18th Wednesday in Ordinary Time
The monastic experience is all there in the first reading. The people sin by complaining against the Lord, and the Lord does not wash his hands of them. Instead, he takes them where they are, calls them to a desert experience, a continuous Lent of forty years, and finally leads them to a second baptism. Their first baptism was when they went through the Red Sea, and the second would be when they crossed the Jordan. In effect, what we have here is something like the first monastic community in the Western world, and it established the pattern for Christian monasticism for all time to come.
It begins with an experience of sin, and the realization that God does not abandon us when we sin. He could have wiped out those who grumbled against him, and made a new start with some other people. Instead, he continued to guide them through his Word, given through Moses, and through the Sacraments of his presence, the pillar and the cloud. At the same time, they needed purification from their sin before they could be worthy to enter the promised land, and the manner of their purification would be such that the earth would be filled with the glory of the Lord, and the desert with monasteries. For forty years the Israelites would live the life of a continuous Lent, and after passing through a second baptism in the Jordan, will celebrate the Passover for the first time in the promised land.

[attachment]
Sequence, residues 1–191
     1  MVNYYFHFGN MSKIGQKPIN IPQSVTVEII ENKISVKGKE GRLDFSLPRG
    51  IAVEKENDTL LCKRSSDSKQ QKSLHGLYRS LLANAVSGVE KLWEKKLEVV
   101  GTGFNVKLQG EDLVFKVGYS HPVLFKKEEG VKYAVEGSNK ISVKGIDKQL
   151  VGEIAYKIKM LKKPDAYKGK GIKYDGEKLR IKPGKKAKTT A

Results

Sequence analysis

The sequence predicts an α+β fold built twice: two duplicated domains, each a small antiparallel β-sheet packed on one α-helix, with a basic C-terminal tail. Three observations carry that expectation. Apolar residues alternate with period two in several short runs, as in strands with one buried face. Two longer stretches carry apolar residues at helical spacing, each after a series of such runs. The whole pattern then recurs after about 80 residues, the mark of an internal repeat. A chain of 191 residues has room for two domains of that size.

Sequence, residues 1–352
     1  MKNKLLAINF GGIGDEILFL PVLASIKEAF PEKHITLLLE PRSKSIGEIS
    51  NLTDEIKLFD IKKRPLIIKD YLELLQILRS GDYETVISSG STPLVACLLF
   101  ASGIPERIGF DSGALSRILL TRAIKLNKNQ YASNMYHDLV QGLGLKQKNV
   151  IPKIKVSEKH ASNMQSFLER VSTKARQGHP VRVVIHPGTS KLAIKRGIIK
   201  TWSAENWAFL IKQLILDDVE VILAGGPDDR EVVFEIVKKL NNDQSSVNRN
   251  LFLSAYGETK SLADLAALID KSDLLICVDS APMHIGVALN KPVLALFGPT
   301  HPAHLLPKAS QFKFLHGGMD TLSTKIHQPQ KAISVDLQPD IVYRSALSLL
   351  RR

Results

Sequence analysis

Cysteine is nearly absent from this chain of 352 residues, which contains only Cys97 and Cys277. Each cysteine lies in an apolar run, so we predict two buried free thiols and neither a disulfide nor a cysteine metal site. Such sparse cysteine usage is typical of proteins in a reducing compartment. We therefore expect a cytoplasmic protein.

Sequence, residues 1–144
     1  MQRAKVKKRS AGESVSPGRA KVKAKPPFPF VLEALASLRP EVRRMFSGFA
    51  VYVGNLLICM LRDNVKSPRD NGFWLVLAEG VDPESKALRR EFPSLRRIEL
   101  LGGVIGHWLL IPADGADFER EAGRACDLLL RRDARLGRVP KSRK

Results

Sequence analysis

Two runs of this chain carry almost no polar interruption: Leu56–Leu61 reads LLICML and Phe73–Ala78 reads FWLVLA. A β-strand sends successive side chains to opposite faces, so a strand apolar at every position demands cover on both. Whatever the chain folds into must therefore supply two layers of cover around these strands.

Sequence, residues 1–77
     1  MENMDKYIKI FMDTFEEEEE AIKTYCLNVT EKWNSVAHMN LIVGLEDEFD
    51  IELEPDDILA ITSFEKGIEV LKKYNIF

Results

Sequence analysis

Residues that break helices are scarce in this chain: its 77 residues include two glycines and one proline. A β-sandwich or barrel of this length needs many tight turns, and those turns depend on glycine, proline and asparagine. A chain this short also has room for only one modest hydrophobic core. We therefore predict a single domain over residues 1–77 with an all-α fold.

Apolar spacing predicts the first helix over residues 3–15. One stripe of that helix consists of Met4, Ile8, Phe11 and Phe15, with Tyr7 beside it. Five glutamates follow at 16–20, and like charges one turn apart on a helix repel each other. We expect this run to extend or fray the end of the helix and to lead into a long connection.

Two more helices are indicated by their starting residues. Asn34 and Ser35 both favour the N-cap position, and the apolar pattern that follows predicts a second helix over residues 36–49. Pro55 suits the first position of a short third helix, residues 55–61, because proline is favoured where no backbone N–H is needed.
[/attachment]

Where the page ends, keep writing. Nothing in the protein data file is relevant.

This is not cheap grace, whether for the Israelites or for monks. We might think it better for God to grant an easy forgiveness and move right on to the crossing of the Jordan, but that’s really grumbling under another form. God’s ways are not our ways, and he was not going to cheat humanity of the things that can best be learned in the desert.
One of those things is trust. Life still goes on, under the protection of God. The desert is his, as well as the land flowing with milk and honey. In the desert there are fewer temptations to question the power of God and our need of him than we would find in the promised land or in a hypertechnological society. The desert is a counter-cultural learning experience, and the way of instruction is penitence and contrition and continued hardships.
In this time of constant addictive stimuli from screens and sounds, there is no better place to be still and know there is a God than in the desert of a monastery. Resolve to live like a monk, and your journey through life will be accompanied by a vivid sense that Someone good and powerful is with you, and loves you.